Retired Army Gen. Ann Dunwoody, the first woman to attain the rank of four-star general in the U.S. armed forces, has been honored with Florida Institute of Technology’s top alumni award.
The 38-year veteran, who graduated from Florida Tech in 1988 with her Master of Science in Logistics Management, received the Jerome P. Keuper Distinguished Alumni Award during Homecoming festivities in October 2014. The award, which is named for Florida Tech’s founder and bestowed annually by the Alumni Association, recognizes professional excellence.
Dunwoody told Florida Today she was “honored and humbled” to be recognized by her alma mater. She said her master’s degree, which she completed at Florida Tech’s off-campus site at Fort Lee, Virginia, complemented her military experience.
“It was tailored and designed to give me a better understanding of the business side of the Army,” she told the newspaper in October. “Logistics in the Army is an expensive business and my education at FIT taught me ways to find efficiencies while not compromising effectiveness.”
Dunwoody’s family is steeped in the Army tradition; her father was a brigadier general. She enlisted in the mid-1970s, joining what was then known as the Women’s Army Corps. It would mark the beginning of an historic rise through the ranks: first female battalion commander in the 82nd Airborne Division; first woman to serve as general officer at Fort Bragg; and first woman to lead the Combined Arms Support Command.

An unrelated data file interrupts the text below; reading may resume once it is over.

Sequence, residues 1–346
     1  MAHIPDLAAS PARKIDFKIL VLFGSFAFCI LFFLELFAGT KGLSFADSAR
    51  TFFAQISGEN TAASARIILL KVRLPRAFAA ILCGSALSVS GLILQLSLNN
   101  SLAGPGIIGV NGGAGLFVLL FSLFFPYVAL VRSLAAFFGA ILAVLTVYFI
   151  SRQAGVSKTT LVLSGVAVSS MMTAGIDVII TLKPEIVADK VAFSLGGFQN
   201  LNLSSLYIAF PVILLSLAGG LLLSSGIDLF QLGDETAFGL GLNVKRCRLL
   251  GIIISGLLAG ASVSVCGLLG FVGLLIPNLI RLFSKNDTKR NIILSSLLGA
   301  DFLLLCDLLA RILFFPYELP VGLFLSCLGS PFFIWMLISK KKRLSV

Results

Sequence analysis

In 2008, she became the first woman to receive a fourth star in the history of the nation’s military.
“For some it was a beacon of hope for their own daughters; for pioneers it was another door opened and they felt part of the journey,” Dunwoody told Florida Today.
As commanding general of the Army Materiel Command, Dunwoody oversaw a global logistics organization of nearly 70,000 military personnel and civilian employees, with a $60 billion annual budget. She spearheaded the Army’s supply chain management during the wars in Afghanistan and Iraq, among other duties.
At a ceremony marking Dunwoody’s retirement in 2012, Chief of Staff of the Army Gen. Ray Odierno called her “quite simply the best logistician the Army has ever had,” according to the Army News Service.
Following her retirement from the military, Dunwoody became president of the Tampa, Florida-based strategic advisory services and leadership mentoring firm First 2 Four. She also serves on the boards of several companies, including LMI, a logistics consulting group.
“For me, serving in the military was the most professionally rewarding career I could imagine,” Dunwoody told Florida Tech Today magazine. “I tell women that the doors continue to open."